Science, Technology, Engineering, and Mathematics (STEM) are the center of attention in most U.S. public schools today. The focus on STEM fields was initiated to improve global competitiveness, and the project does have its merits. However, with the nation’s push toward STEM, some say we may have pushed too far.
STEM isn’t meant to exclude other subjects, but that’s often what happens. Resources are already spread quite thin, and with increased expectations for STEM education, schools are forced to re-allocate funds from arts programs. This is unfortunate, because art education is known to improve academic performance.
The Problem with STEM
As noted in the latest STEM Index (U.S News and World Report), STEM programs still aren’t attracting and retaining enough female learners or students of color. The racial and gender gaps are actually widening for science and math. (Hmm… maybe they’re simply not interested?) Actually, STEM schools aren’t producing amazing results anyway.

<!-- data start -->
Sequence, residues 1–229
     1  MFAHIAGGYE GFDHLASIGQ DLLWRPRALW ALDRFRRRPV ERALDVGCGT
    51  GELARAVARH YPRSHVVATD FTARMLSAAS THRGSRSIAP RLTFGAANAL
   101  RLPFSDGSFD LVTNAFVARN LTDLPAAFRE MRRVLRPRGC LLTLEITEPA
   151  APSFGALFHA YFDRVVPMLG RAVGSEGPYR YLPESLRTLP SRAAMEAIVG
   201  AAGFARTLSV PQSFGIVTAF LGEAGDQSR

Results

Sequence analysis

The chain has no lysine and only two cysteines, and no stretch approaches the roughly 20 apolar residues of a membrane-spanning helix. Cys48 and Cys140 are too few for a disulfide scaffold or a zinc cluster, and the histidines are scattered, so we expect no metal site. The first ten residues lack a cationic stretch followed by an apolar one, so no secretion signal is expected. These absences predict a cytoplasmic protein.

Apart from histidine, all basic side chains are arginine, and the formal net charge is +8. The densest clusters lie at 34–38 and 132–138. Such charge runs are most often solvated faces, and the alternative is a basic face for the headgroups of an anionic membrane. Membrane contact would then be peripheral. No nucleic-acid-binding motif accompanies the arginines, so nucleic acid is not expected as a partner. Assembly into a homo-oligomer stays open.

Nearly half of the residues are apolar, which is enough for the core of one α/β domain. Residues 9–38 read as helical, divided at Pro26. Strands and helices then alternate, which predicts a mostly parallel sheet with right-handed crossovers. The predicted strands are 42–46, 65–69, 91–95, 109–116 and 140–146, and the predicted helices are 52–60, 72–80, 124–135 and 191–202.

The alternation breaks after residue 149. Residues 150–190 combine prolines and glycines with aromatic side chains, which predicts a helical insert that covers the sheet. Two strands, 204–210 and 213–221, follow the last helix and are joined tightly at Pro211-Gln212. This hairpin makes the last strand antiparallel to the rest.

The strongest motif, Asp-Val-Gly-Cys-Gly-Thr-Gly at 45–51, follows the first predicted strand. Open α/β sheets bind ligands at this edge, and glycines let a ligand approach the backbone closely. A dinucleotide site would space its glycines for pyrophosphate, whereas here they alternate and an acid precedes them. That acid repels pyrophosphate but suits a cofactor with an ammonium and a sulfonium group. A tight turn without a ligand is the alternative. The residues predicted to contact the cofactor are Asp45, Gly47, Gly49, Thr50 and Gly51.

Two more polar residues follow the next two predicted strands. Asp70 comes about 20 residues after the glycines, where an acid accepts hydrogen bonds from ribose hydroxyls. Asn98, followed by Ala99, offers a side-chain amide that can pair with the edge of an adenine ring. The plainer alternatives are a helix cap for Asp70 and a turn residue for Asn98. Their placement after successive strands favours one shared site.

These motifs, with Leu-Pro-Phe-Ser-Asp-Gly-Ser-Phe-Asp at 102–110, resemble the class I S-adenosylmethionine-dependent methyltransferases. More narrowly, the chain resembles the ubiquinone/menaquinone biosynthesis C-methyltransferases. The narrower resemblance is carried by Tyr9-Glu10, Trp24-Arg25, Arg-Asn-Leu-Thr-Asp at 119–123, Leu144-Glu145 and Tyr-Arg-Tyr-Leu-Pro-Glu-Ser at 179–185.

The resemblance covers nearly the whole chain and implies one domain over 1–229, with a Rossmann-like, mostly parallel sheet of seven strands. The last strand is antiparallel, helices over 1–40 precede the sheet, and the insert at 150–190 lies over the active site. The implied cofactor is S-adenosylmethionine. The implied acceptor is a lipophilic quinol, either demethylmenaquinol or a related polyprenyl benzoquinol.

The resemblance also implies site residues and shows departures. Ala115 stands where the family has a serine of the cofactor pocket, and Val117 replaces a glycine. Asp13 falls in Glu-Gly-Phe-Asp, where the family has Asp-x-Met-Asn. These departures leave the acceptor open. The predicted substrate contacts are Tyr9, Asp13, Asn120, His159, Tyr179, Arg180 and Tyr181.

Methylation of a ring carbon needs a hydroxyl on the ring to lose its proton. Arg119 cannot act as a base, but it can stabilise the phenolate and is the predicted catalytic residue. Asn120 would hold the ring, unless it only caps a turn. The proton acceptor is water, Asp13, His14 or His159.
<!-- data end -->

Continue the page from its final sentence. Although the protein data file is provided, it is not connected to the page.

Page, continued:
According to Educational Leadership (December 2014/January 2015), comparisons of schools in Florida, North Carolina, New York, and Arizona found little evidence that students in STEM schools performed any better than those in regular schools. Thus, it would appear that the highly touted STEM initiatives are missing the target.
How could this be? While the STEM movement has filled student schedules with more math and science courses, they are disconnected from other areas of study. But in real life, every engineer who comes up with a new innovation uses far more than math, engineering, and technology. They also apply communication, writing, creativity and artistic skills to bring those innovations to fruition.
To make STEM truly work, we should include the arts.
The Benefits of STEAM
The arts (including liberal arts, fine arts, music, design-thinking, and language arts) are critical components to innovation. And yet the arts are often under-appreciated due to their outcomes being difficult to measure.
Nevertheless, many educators now propose adding an “A” to the STEM acronym. This initiative emphasizes the addition of art in STEM education, making the case for creativity across the disciplines. The idea is to incorporate artistic and design-related skills and thinking processes to STEM subjects.
There is much evidence in support of “STEAM, Not Just STEM Education,” according to the following infographic created by the University of Florida, which presents interesting facts and stats pointing out the significance of arts education.
Do you think the arts have a place in STEM education? Why or why not? Leave a comment!
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